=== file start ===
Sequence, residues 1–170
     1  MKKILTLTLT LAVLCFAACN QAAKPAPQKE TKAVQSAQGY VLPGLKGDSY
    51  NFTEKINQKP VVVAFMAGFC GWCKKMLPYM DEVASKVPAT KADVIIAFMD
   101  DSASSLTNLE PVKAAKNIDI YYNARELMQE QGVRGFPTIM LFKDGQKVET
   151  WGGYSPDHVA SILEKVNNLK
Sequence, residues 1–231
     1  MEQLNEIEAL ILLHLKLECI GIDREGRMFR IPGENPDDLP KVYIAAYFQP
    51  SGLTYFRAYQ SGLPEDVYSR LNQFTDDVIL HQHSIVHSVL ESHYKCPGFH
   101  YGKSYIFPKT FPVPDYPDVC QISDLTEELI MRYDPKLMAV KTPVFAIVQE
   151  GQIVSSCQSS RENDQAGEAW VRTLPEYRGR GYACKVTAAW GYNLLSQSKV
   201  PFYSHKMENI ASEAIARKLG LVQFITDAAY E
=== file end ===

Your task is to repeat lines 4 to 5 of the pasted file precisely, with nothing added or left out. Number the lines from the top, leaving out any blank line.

   101  DSASSLTNLE PVKAAKNIDI YYNARELMQE QGVRGFPTIM LFKDGQKVET
   151  WGGYSPDHVA SILEKVNNLK